WHO: „Die Tabakindustrie schlägt zurück – härter und auf jedem Kanal“

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Where there's a habit...

Credit: Just Ard, Flickr

Die Mitgliedstaaten der Weltgesundheitsorganisation (WHO) haben in Moskau über weitere Schritte zur Tabakregulierung verhandelt – und beklagen heftige Gegenwehr der Konzerne. „Während die Durchsetzung der Rahmenkonvention weiter fortschreitet, schlägt die Tabakindustrie zurück – härter und auf jedem möglichen Kanal, egal wie hinterhältig diese Kanäle und Praktiken seien“, sagte die Generaldirektorin der WHO Margaret Chan in ihrer Eröffnungsrede.

Bei den Verhandlungen in der vergangenen Woche ging es unter anderem um E-Zigaretten. Laut WHO werden viele der einst unabhängigen Hersteller heute von multinationalen Tabakfirmen kontrolliert. Wie die Unternehmen um die Anerkennung der E-Zigarette kämpft, hat mir Martina Pötschke-Langer vom Deutschen Krebsforschungszentrum (DKFZ) erklärt (Spiegel Online).

Die Mitgliedstaaten haben ungeachtet dessen entschieden, E-Zigaretten ähnlich stark zu regulieren wie Tabakzigaretten, teilte die WHO in ihrer Pressemitteilung mit. Die Entscheidung verpflichtet die Staaten, darunter Deutschland, allerdings nicht Maßnahmen zu ergreifen.

Laut einer aktuellen Umfrage des DKFZ probieren vor allem Jugendliche die E-Zigarette aus (Spiegel Online). Das beliebteste Mittel für einen Rauchstopp bleibt hingegen der kalte Entzug.

Without approved medication against Ebola, new WHO panel to decide on ethics of distribution and risks of experimental treatment

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Evidence based medicine won’t help us this time: It is the worst outbreak of the Ebola virus in history and there is no approved medication against the filovirus infection.

A new WHO panel is to decide on who gets experimental drugs against Ebola infection. Sounds risky? It is. Not just out of medical reasons, as The Conversation-columnist Carwyn Hooper shows.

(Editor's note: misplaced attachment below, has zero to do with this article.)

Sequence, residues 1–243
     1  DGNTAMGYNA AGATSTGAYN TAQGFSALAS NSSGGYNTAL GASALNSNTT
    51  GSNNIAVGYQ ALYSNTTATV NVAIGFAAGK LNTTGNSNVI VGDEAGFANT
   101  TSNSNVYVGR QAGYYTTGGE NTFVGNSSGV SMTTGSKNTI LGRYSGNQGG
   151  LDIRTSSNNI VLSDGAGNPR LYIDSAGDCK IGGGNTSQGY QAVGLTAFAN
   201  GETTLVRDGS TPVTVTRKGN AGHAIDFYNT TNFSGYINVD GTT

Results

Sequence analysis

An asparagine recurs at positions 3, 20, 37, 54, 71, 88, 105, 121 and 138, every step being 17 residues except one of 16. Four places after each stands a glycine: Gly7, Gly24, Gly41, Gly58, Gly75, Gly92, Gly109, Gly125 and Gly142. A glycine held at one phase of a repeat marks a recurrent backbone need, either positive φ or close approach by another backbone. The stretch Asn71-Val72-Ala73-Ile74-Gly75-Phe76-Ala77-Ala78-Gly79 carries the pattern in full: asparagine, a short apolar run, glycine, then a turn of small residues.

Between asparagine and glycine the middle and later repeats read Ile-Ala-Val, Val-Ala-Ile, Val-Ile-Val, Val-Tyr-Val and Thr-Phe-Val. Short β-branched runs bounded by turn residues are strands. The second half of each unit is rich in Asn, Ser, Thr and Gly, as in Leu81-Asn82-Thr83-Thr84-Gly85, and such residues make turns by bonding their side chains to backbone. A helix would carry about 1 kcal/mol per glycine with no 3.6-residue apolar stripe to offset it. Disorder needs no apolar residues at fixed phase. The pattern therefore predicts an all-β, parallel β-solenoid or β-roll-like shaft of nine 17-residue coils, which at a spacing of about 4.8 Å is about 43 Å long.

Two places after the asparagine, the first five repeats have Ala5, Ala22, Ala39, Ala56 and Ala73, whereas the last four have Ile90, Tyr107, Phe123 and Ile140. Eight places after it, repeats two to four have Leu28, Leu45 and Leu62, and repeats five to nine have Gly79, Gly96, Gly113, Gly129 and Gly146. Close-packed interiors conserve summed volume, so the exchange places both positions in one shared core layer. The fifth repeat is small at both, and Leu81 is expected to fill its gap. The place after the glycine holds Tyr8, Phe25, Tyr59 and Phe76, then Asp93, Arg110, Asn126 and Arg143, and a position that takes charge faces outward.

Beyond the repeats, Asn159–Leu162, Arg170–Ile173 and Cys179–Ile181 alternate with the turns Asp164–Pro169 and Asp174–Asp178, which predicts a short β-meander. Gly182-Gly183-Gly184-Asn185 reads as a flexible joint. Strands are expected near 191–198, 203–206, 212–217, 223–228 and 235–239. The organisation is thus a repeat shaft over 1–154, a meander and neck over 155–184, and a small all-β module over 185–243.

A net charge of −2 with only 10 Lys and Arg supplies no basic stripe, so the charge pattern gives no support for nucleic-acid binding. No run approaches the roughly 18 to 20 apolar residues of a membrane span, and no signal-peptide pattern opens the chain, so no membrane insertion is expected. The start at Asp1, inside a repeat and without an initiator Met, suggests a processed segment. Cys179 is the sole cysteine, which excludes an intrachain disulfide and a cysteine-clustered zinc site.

The WHO panel has to come up with an answer especially for this question:

If it is ethical to use these unregistered interventions […], then what criteria should guide the choice of the intervention and who should receive priority for treatment or prevention?

Ethical questions already on the table
The Ebola outbreak grossly depicts the inequality in healthcare systems. In Liberia (and other West African states) healthcare institutions are overstretched as reports BBC. Hospitals in Sierra Leone, Guinea and Liberia remain closed for days. The death toll in West Africa rises.

Meanwhile in the Western World: A patient in Spain and two Americans have been treated with a biomedical treatment based on monoclonal antibodies. At least the two American patients are reported to show signs of improvement.

The Conversation’s Carwyn Hooper is not very optimistic about the big picture outcome of the panel:

„Whatever recommendations the ethics panel come up with the underpinning ethical issue – the gross inequality of global wealth, health and healthcare – will not be addressed.“

Measuring the Ebola outbreak: How deadly is the virus this time?

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The recent outbreak of the Ebola virus in West Africa is reportedly the worst outbreak of the disease in history. More than 1300 people are infected and more than 700 have died. What do these numbers tell us about the death rate? Actually, very little.

As for the death rate the WHO stated in an April press release a general death rate of „up to 90 %“ for the virus. Since the virus has been registered for the first time in 1976 the death rate has varied from 25 to 90 percent (outbreaks with more than ten infected people). But what’s the picture right now for West Africa? Here are the current numbers as published yesterday.

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